Surveying people is an excellent way to gather data about the thoughts or actions of a population on an issue. However, if the question being studied is sensitive, involving illegality, immorality, or some other characteristic that the community would frown upon, it can be difficult to get respondents to answer truthfully. Using a randomized response technique will allow the respondent to answer truthfully without the questioner knowing what question the respondent is answering, yet at the same time not losing information about the population proportion in question. Once again, a tree diagram will help sort out the situation.

Suppose a researcher wants to collect data on methamphetamine use. Since drug use is a sensitive subject, the researcher prepares a set of 100 cards, as follows:

- 58 cards say "I DO use meth at least once this past week."
- 42 cards say "I DO NOT use meth at least once this past week."

The researcher shows the interviewees the cards, so that they see there are two different statements in roughly equal quantities. Then the cards are shuffled, the subject chooses one card, either agrees or disagrees with the statement on the card, then returns the card to the deck. In this way, the researcher has no idea whether the subject was agreeing (or disagreeing) to meth use or not. After interviewing 1200 people, the researcher found 513 agreed with the statement on their card. Assuming everyone answered truthfully, what percentage of the subjects used meth at least once this past week?

The two independent variables here are the type of card and the use of methamphetamines. (The answer that the subject provides is not an independent variable, since it can be determined from the values of the other two variables.) Let $D$ be the event of receiving an "I DO" card, and let $U$ be the event of meth use. From the cards provided, we have $P(D) = \dfrac{58}{100} = 0.58$ and $P(\overline{D})= \dfrac{42}{100} = 0.42$. We also have $\dfrac{513}{1200}=0.4275$ as the proportion who agreed with their card. The event of agreeing is a combination of the two events, $D \cap U$ and $\overline{D} \cap \overline{U}$.

In order to use a tree diagram, we need to identify the probabilities that are conditional on the card received. In other words, we need $P(U|D)$, $P(\overline{U}|D)$, $P(U|\overline{D})$, and $P(\overline{U}|\overline{D})$. We don't have that data. But since the cards were shuffled, we can assume that users and non-users received the "I DO" cards in the same proportion. In other words, we can assume that events $U$ and $D$ are statistically independent. Therefore, let $x=P(U)$ be the proportion of meth users that we want to find. Then independence says $x = P(U|D) = P(U|\overline{D})$ as well. So we can now complete our tree diagram.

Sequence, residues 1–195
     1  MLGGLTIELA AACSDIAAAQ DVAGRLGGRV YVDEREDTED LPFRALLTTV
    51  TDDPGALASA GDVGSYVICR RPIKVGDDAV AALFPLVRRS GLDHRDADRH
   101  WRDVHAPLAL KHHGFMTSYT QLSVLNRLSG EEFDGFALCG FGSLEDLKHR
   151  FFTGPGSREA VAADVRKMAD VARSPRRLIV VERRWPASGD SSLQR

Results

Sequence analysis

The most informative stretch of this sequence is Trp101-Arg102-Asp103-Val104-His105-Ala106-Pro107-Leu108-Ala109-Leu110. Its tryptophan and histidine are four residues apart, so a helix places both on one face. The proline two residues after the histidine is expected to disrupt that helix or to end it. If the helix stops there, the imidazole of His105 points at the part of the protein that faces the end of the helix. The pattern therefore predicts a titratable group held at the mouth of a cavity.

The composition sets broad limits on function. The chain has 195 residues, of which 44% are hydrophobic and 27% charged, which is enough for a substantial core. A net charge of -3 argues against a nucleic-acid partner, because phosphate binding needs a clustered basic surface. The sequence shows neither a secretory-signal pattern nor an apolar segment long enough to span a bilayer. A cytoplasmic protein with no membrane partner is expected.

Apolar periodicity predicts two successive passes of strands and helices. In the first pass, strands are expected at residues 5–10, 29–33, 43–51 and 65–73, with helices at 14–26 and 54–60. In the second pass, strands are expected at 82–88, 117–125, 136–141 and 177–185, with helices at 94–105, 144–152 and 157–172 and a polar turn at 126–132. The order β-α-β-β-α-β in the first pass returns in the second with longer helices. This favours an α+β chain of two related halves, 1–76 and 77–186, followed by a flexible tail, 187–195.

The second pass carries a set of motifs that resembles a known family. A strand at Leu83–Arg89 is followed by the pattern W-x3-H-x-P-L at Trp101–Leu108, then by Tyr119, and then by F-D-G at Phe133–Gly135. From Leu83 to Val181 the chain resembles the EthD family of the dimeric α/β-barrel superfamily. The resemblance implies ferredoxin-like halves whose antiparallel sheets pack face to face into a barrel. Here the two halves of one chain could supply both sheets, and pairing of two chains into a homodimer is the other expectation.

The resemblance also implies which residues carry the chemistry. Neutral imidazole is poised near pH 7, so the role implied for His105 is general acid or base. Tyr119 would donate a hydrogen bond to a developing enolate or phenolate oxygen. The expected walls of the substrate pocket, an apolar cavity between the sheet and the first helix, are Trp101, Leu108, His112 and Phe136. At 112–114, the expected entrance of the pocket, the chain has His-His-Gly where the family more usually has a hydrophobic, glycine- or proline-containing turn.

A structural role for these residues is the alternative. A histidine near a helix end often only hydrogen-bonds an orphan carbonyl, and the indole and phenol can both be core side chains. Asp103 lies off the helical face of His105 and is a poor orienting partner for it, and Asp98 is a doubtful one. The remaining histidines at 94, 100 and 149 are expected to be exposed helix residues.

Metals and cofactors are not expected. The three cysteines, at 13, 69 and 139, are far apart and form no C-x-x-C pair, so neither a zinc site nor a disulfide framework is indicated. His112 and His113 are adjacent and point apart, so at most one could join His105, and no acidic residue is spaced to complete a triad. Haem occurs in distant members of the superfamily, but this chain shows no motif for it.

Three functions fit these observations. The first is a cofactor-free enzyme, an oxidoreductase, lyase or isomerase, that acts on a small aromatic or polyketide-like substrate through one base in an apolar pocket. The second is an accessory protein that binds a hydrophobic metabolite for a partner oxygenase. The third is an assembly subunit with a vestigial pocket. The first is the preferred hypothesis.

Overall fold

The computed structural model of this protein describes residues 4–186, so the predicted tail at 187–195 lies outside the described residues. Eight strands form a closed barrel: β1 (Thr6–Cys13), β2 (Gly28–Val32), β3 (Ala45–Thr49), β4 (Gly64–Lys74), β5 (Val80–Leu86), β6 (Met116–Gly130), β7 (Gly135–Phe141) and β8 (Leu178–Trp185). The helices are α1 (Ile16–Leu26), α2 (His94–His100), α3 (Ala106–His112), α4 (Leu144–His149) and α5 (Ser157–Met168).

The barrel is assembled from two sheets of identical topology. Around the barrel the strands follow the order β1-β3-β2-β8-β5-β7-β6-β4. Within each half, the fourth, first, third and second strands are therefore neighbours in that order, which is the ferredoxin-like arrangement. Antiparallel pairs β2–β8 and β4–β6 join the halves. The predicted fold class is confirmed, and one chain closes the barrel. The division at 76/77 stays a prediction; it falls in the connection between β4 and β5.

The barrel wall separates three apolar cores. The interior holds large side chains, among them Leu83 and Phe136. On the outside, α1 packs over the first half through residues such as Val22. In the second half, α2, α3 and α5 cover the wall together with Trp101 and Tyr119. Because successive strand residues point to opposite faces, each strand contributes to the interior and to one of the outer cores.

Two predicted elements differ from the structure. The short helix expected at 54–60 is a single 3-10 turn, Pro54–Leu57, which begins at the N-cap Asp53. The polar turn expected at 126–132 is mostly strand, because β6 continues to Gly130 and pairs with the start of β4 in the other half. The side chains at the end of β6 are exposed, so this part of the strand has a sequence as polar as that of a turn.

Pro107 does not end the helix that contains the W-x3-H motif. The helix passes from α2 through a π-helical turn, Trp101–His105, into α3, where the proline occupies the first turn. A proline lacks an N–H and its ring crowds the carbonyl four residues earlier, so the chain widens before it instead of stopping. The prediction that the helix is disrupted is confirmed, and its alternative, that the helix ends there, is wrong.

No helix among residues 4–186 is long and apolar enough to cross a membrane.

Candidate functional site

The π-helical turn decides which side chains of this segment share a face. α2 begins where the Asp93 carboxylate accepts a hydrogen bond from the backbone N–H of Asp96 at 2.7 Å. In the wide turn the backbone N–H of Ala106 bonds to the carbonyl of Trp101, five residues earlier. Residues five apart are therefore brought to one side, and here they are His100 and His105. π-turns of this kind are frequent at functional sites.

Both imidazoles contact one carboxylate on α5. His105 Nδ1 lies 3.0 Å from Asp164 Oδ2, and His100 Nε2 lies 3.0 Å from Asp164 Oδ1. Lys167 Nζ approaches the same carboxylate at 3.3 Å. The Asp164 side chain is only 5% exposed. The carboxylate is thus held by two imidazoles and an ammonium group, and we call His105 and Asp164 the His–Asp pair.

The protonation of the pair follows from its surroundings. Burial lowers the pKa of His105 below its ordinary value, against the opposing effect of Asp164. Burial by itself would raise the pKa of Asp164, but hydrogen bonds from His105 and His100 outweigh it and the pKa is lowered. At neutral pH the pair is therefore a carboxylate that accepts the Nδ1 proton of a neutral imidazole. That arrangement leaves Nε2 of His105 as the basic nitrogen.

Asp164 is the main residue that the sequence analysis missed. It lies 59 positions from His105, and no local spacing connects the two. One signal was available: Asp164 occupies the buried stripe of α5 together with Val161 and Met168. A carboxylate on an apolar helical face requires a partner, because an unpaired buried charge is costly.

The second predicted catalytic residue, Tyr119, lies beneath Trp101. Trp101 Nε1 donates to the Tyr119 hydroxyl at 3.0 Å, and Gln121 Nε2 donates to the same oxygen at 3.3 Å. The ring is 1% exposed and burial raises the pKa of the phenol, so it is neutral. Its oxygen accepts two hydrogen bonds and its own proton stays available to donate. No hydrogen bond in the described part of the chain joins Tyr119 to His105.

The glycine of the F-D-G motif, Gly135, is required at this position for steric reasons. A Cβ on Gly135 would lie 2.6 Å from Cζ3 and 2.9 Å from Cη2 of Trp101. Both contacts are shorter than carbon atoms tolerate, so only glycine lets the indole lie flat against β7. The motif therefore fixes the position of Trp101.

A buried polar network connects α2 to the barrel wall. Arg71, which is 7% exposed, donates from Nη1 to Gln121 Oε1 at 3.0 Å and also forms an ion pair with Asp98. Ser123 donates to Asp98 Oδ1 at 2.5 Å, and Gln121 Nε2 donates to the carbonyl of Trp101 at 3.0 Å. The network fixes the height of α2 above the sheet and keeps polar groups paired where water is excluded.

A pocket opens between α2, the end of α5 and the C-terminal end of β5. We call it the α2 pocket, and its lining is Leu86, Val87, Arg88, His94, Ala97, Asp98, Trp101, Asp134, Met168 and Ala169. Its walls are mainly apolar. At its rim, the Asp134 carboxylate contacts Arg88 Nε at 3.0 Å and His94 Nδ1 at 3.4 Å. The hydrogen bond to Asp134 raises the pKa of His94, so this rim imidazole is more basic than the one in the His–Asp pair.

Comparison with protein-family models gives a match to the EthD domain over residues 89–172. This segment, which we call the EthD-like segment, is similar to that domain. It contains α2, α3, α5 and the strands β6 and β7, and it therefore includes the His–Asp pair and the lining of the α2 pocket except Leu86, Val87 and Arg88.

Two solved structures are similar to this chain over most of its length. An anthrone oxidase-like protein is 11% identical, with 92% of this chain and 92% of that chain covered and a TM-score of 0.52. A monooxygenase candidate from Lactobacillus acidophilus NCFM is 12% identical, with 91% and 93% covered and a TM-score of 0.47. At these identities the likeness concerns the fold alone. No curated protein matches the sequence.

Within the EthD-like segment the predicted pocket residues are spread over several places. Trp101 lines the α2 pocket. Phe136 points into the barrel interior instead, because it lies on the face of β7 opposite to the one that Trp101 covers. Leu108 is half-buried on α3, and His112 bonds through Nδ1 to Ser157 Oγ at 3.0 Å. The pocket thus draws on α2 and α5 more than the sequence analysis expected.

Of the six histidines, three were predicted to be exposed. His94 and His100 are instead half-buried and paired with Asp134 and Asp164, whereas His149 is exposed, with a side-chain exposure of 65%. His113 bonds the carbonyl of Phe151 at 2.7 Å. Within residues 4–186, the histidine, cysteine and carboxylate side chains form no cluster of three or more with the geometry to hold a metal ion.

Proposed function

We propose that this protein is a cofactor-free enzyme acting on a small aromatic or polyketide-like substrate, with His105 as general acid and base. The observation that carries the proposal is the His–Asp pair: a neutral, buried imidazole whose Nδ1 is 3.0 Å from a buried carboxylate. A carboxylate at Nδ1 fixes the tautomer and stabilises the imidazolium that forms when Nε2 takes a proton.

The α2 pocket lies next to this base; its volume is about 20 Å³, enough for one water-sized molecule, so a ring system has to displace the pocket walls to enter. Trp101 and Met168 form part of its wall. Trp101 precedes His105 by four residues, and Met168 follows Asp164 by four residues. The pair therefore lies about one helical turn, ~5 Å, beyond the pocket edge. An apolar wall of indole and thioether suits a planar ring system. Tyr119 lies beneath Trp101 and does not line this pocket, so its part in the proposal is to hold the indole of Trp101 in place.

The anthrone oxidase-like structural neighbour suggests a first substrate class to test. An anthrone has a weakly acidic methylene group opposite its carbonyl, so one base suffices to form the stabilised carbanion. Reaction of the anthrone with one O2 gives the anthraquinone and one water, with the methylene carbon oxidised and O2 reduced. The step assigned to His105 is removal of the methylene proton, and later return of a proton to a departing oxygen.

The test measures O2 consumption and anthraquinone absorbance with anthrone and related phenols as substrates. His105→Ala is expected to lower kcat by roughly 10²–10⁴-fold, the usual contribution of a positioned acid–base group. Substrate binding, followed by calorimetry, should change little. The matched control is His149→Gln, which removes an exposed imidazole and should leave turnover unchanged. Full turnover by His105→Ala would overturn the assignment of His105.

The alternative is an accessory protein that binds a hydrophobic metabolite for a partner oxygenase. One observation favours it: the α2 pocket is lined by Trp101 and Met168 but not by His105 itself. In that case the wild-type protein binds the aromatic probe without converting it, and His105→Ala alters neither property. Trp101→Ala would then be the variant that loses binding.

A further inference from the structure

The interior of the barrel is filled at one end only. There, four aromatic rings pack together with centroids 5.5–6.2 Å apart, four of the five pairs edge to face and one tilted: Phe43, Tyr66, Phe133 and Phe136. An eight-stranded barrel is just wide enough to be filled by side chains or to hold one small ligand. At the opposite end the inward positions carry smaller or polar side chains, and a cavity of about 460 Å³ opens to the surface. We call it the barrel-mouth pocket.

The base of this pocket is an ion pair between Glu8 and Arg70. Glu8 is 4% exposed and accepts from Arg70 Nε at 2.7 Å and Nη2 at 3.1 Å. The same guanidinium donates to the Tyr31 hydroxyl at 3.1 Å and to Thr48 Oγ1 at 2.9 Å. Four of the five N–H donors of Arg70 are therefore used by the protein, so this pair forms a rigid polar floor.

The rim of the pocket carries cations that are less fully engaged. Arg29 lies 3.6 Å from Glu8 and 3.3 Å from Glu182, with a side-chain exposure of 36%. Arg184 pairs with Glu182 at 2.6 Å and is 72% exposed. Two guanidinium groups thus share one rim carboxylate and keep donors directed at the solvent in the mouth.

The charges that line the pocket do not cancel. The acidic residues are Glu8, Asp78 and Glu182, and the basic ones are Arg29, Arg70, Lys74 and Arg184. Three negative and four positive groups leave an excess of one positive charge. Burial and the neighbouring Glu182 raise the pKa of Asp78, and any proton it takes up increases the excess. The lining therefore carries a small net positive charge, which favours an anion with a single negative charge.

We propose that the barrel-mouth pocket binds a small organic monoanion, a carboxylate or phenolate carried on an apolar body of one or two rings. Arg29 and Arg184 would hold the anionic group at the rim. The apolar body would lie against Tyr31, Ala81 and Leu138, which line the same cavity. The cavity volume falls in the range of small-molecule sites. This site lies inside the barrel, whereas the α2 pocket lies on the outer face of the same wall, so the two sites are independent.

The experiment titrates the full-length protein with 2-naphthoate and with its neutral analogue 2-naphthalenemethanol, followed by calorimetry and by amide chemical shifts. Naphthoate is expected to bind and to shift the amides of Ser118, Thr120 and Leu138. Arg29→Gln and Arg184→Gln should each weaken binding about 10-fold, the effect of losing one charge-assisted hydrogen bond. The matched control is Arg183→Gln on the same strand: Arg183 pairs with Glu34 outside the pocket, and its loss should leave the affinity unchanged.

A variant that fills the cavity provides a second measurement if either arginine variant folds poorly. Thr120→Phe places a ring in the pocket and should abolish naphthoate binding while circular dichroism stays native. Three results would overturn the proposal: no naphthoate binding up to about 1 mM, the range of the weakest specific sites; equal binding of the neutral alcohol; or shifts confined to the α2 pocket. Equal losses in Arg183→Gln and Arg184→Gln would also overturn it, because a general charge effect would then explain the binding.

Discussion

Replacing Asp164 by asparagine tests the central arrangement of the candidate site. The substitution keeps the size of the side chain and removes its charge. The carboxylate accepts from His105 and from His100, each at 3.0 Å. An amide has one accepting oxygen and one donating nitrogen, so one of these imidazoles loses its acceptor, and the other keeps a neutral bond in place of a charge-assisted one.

We now have a way to find the value of $x$. The probabilities for those who agreed with their card are $P(D \cap U) = 0.58x$ and $P(\overline{D} \cap \overline{U}) = 0.42(1-x)$. This gives the equation $0.58x + 0.42(1-x) = 0.4275$. Solving, we find $x=P(U) = 0.046875$. In other words, about 4.7% of the sample used meth this past week.

For any individual interview, the researcher will not know what question was being answered. Yet there are still a couple of potential difficulties. Both questions are still sensitive, and if the person being interviewed is at all suspicious, he might still be unwilling to answer truthfully. Also, when a user is presented an "I DO NOT" card, we are asking them to respond with a double negative, which has different interpretations in different languages.

Let's consider a redesigned study. Rather than a researcher preparing cards with a statement and its complement, only one sensitive question will be asked. ("Did you use meth at least once this past week?) But before the subject answers, he is instructed to flip a coin out of the sight of the researcher, and proceed as follows.

- If the coin comes up heads, answer the question truthfully.
- If the coin comes up tails, answer "yes".

After interviewing 800 people, the researcher found 414 answered "yes". Assuming everyone answered truthfully, what percentage of the subjects used meth at least once this past week?

Now our two independent variables are the result of the coin flip, and the use of meth. (The answer to the question is not an independent variable, as it can be determined from the values of the other two variables.) Let $H$ be the event that the coin flip results in a head, and let $U$ be the event of meth use. Assuming a fair coin, we have $P(H)=0.5$ and $P(\overline{H})=0.5$. We also have $\dfrac{414}{800} = 0.5175$ who answered "yes". Let $x=P(U)$. We now have the following tree diagram.

The individuals who answered "yes" are a combination of the two events $H \cap U$ and $\overline{H}$. This gives the equation $0.5x + 0.5 = 0.5175$. Solving, we find $x=P(U)=0.035$. In other words, 3.5% of the sample used meth this past week.

Compared to the first approach (where a question and its complement were used), this approach simplifies the process greatly. It avoids the double negative that occurs with the use of the complementary question. One of the two cases clearly contains no information about meth use, and therefore the suspicions of the subject would be lessened. And yes, even the algebra is (slightly) simpler.